Experienced South Florida


Not really a guardian, but a child’s ally: The guardian ad litem

On Behalf of | Jun 15, 2023 | Child Custody, Children's Issues, Divorce, Guardian Ad Litem, Parental Responsibility, Parenting Plans, Visitation and Time-Sharing

A guardian-ad-litem (GAL) is a specially trained and certified professional whom the court may appoint in a divorce or custody proceeding to act as a child’s “next friend … investigator or evaluator.” The judge has discretion to appoint the GAL if it would be in the child’s best interest and may do so of their own accord or in response to a motion by either parent. The GAL becomes an actual, participating party in the divorce or custody proceeding and may have their own lawyer.

GALs are subject to background and security checks and have certain duties of confidentiality. They may be a licensed lawyer, but the person in the GAL role specifically is not to function as an “attorney or advocate” and a GAL who is not a lawyer may not practice law. The court has discretion to appoint a different person as the child’s actual lawyer if the child needs that kind of advocate in the divorce or custody proceeding.

Appointment of a GAL is mandatory if there is a “well-founded” allegation of child abuse, neglect or abandonment.

What powers does guardian ad litem have?

What can, or must a GAL do as a child’s next friend, investigator or evaluator? Florida law says that they have the “powers, privileges, and responsibilities to the extent necessary to advance the best interests of the child …” The GAL statute lists particular GAL powers or responsibilities, but the GAL is not limited to those, depending on what would be in the child’s best interest.

The listed powers include:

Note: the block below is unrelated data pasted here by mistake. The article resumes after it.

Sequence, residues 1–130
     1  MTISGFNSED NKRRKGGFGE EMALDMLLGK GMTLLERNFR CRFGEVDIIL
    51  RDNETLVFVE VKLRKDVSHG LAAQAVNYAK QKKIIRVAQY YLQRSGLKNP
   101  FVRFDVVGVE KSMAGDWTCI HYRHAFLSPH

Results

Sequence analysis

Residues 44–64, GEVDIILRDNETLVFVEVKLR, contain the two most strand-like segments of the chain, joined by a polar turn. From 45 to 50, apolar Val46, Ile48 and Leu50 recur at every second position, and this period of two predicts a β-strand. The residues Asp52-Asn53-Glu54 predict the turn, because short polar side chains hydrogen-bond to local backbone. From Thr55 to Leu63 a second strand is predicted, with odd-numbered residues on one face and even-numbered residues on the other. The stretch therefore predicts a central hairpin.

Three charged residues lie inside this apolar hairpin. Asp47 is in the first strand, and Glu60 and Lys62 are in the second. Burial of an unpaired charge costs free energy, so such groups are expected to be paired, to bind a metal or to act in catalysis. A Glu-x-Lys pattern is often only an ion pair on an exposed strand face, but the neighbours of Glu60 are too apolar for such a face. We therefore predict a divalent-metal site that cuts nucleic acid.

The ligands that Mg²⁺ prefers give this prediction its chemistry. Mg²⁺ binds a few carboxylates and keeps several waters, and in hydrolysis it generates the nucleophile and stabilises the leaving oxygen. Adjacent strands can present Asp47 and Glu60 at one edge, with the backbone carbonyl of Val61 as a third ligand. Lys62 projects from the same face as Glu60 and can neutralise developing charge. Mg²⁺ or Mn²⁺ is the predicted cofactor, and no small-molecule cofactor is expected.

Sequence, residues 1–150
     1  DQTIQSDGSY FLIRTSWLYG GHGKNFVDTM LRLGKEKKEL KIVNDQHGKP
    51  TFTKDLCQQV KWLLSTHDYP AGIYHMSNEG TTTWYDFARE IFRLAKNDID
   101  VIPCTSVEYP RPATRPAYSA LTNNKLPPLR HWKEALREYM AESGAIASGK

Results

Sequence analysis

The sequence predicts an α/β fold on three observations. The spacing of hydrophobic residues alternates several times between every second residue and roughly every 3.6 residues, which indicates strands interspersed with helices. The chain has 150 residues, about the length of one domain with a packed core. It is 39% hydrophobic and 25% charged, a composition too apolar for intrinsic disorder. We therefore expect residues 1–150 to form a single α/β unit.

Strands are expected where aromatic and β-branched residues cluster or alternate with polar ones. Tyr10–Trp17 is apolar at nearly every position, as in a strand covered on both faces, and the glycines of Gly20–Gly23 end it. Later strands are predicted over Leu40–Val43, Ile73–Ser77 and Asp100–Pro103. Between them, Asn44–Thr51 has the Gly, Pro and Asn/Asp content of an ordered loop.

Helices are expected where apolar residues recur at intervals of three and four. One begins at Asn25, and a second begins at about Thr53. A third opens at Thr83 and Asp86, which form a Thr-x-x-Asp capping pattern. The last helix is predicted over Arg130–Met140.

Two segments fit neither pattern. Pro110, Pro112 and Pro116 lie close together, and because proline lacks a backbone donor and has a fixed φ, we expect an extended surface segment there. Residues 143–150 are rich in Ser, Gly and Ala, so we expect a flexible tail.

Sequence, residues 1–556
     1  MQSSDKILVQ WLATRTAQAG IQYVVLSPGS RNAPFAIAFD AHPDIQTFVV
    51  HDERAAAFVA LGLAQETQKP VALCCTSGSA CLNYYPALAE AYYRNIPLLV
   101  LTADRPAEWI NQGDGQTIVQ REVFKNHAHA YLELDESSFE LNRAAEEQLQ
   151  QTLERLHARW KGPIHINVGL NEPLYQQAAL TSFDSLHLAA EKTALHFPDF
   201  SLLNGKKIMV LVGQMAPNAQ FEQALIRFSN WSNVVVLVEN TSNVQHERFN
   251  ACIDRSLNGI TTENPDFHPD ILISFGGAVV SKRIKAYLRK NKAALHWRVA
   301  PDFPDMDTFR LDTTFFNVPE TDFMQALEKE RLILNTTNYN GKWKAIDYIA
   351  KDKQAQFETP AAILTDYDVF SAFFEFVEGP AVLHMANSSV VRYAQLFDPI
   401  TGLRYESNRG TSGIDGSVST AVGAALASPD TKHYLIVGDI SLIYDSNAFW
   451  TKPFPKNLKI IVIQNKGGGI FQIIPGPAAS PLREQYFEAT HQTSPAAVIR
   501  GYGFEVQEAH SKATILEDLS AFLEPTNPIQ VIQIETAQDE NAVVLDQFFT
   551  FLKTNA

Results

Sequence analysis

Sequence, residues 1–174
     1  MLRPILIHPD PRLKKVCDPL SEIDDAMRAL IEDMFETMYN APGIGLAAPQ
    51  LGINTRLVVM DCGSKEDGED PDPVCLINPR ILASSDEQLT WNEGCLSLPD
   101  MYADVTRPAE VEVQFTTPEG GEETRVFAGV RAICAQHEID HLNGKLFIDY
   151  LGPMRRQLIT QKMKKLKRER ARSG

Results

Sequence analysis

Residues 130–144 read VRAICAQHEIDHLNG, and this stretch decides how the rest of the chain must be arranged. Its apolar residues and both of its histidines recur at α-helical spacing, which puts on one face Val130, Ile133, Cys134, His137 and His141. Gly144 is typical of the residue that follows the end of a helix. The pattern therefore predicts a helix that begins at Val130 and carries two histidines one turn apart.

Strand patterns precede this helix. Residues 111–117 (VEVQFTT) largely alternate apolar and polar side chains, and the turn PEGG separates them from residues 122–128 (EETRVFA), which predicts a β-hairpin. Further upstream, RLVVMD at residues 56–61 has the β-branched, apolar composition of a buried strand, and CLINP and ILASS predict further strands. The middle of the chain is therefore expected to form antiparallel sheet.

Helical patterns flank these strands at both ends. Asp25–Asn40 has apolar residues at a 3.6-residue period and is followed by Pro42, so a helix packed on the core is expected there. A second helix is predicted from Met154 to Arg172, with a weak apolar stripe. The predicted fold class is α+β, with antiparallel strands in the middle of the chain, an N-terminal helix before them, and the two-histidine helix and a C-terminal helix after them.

1. Investigate allegations that affect the child, including interviewing the child and people with information about the child’s welfare.
  2. Ask the court to order a person, organization or agency to allow the GAL access to records (including medical records) about the child, the parents, other custodians or household members.
  3. Request that the judge order expert medical or mental-health examinations of the child, parents or other interested parties.
  4. Assist the court in arranging “impartial expert examinations.”
  5. Make recommendations to the court orally or in writing and produce a mandatory written report of the GAL’s recommendations and the child’s wishes.
  6. File pleadings, petitions for relief or motions in court.
  7. Submit a mandatory recommendation to the judge about any stipulation or agreement that would impact the child’s “interest or welfare.”

Any Florida parent in a proceeding where a GAL is or may become a party, who must respond to a GAL investigation or who is considering a motion to appoint one can seek advice from an experienced Florida family lawyer.


The LAW OFFICES OF FORREST & Forrest, PLLC represents individuals in Fort Lauderdale in high-asset divorce matters. Daniel Forrest is board-certified family lawyer and mediator serving the South Florida area.

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